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14 November 2016
June Oscar is the CEO of Marninwarntikura, the Women’s Resource Centre in Fitzroy Crossing.
We are delighted to have below a copy of the speech she gave at the Lowitia Institute
June Oscar AO
Lowitja Institute, International Indigenous Health and Wellbeing Conference
Healing from the Ground Up; How real investments overcome health inequalities
I acknowledge the traditional owners and the custodians of the land of which we meet today, the Wurundjeri people of the Kulin nation.
Opening in Bunuba
At a time when global national powers are more present than ever within our imaginations, it is important to consider the type of nation we want to live in. It is important to consider how everyone can live in the nation we imagine.
The question to consider as I speak today, of particular relevance to this audience, but highly affecting to all of us, is,
What makes a healthy nation?
When it comes to health we have a tendency to think of the individual. To look at ailments, identifiable symptoms, to find a cure. If we can isolate the problem, the condition, then we can resolve it.
But what happens when the health issues occur on mass? At first glance it might seem to be an individual’s behaviour - poor diet resulting in diabetes, cirrhosis of the liver caused by alcohol overconsumption, cancer from smoking… the list goes on.
When these symptoms play out across an entire population of people, poor health is not an individual issue. It is a collective phenomenon.
This is the tragedy of Aboriginal ill health that we have normalised, and somehow accepted. Many similar forms of this ‘ill health’, are reflected in other minority and marginalised groups, across Australia and the world. In other words peoples and populations that do not easily identify with the mainstream narrative of Australian society, and cannot be swiftly incorporated into mainstream policies. Peoples who do not bend and succumb to a one size fits all approach.
We’ve accepted this inequality between the mainstream and the marginal because we’ve told a story about good health being determined by the individual.
The evidence defies this reasoning. When sectors of society have entrenched poor health it is not the individual, it is determined by our societal structures. It is about what people do and do not have access to. It is what they haven’t had access to over generations. This creates an accumulative inequality.
Today, I’m going to talk about the critical elements needed allowing for good health to flourish within a nation and over time. Not just for some sectors of society, but for every single person across Australia. Because the health of a nation is never about the few, it has to be about all people that call this country home.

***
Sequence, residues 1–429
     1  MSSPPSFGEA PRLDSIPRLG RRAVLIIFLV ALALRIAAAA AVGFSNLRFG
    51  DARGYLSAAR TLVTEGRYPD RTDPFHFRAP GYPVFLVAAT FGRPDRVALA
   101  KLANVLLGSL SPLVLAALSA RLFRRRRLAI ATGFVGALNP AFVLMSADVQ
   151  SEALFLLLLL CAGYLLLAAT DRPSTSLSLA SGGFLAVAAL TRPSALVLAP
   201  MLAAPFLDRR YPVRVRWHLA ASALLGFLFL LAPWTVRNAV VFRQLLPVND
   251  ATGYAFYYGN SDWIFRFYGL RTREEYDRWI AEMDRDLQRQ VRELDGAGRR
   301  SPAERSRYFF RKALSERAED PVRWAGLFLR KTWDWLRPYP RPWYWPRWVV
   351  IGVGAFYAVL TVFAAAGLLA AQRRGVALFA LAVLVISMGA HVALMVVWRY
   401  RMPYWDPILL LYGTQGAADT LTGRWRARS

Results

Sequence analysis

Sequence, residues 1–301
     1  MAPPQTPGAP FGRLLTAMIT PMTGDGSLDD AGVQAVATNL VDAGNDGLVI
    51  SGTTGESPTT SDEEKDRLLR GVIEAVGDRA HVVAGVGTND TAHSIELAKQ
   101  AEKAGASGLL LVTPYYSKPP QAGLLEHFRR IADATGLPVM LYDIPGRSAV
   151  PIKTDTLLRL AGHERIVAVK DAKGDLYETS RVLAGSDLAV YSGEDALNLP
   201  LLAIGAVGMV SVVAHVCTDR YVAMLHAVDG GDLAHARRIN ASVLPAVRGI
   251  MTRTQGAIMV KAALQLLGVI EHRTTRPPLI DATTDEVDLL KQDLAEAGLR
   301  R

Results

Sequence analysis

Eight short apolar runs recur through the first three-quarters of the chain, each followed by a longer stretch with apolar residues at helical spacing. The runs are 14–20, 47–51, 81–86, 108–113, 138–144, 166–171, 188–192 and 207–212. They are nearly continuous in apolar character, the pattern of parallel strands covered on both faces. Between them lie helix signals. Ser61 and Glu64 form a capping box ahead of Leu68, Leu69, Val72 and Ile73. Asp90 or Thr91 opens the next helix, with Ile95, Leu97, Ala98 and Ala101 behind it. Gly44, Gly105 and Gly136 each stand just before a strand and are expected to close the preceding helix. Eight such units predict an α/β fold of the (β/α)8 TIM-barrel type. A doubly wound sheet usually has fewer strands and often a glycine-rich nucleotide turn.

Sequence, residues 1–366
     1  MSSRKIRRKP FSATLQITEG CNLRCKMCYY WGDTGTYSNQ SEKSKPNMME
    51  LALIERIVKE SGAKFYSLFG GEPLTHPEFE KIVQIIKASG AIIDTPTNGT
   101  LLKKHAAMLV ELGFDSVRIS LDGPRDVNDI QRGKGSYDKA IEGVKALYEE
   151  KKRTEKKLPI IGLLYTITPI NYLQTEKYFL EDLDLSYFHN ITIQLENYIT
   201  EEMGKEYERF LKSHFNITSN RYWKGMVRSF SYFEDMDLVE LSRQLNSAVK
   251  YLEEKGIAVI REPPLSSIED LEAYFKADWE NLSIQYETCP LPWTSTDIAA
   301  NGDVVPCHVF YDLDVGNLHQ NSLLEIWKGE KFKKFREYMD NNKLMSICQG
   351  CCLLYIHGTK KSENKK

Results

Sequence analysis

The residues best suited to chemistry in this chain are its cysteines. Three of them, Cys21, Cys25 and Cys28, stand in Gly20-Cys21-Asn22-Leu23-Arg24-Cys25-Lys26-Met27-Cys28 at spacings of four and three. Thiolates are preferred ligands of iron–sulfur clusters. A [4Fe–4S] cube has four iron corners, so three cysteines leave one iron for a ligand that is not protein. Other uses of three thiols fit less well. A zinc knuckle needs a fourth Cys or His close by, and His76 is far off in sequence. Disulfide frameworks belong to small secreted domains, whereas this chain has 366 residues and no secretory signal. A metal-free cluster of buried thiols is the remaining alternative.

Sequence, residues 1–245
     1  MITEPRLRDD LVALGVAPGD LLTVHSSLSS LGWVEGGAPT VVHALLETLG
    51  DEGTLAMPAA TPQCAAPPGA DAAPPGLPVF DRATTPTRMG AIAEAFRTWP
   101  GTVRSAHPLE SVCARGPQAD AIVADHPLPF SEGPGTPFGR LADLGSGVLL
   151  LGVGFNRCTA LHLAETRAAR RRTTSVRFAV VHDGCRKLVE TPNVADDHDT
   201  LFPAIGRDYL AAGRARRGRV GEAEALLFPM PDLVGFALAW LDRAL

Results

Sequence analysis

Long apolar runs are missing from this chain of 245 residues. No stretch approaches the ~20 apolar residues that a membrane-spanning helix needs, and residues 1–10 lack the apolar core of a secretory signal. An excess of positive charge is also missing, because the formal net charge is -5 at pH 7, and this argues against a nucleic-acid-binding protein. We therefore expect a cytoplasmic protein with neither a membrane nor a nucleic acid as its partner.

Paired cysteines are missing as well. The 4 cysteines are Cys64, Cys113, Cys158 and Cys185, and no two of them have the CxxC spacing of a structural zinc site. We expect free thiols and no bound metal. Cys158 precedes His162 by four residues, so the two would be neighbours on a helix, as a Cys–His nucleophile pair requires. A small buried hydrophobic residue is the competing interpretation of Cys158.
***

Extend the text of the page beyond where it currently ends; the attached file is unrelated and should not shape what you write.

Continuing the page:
For me, a healthy society is one that grows around these principles, what some may call values, or even protocols.
- Community cohesion
- Care and nurture
- Acceptance, trust and respect
- And a collective responsibility and purpose
We foster, and teach these ‘shared ways of being and living’, through the construction of the right civic spaces and social institutions. These are our positive social determinants. When we ensure that everyone has access to these institutions, education, health care, sport and recreation centres, parks and the outdoors, and what I will focus on throughout this presentation – early childhood education and care and parent and carer support programs - we increase the likelihood for a strong healthy society.
If we limit access to these institutions across a person’s lifetime, the result is clear, we put barriers in a person’s way. We make it structurally difficult to achieve a positive and healthy life.
Aboriginal people today are dealing with these outcomes.
The statistics are appalling, we all know them firsthand, I won’t go over them at length. It is hard to believe that the figures we hear of Aboriginal people, and this includes incarceration, unemployment and suicide, could be real. That the unimaginable is possible.
It shouldn’t be like this. And the truth is it does not need to go on.
The child you see behind me attends Baya Gawiy, our early childhood learning and care centre in Fitzroy Crossing which is operated by Marninwarntikura, the organisation I am CEO of. It is the only early childhood centre in a 260km radius. This child would not have attended Baya Gawiy if current proposed changes to legislation and the way early childhood care is funded by the federal government were in place today. Baya Gawiy wouldn’t exist. It wouldn’t be financially feasible under proposed government changes to parent and carer fees for early childhood learning and care.
What we are doing at Baya Gawiy is breaking the cycles of inequality. Baya Gawiy is a vital link in the chain of intergenerational health wellbeing and prosperity that we need to grow in this country.
When a child is given the best start in life that child succeeds throughout their life.
That positive chain of reaction sounds something like this,
- their mother has pre-natal and post-natal care,
- parents and carers are supported in maternity and parental programs,
- they can enrol their children in 0-5 full time learning and care,
- that child will go to school ready,
- will maintain good attendance throughout their schooling could go onto higher education,
- and then can seriously choose to be whatever they want to be.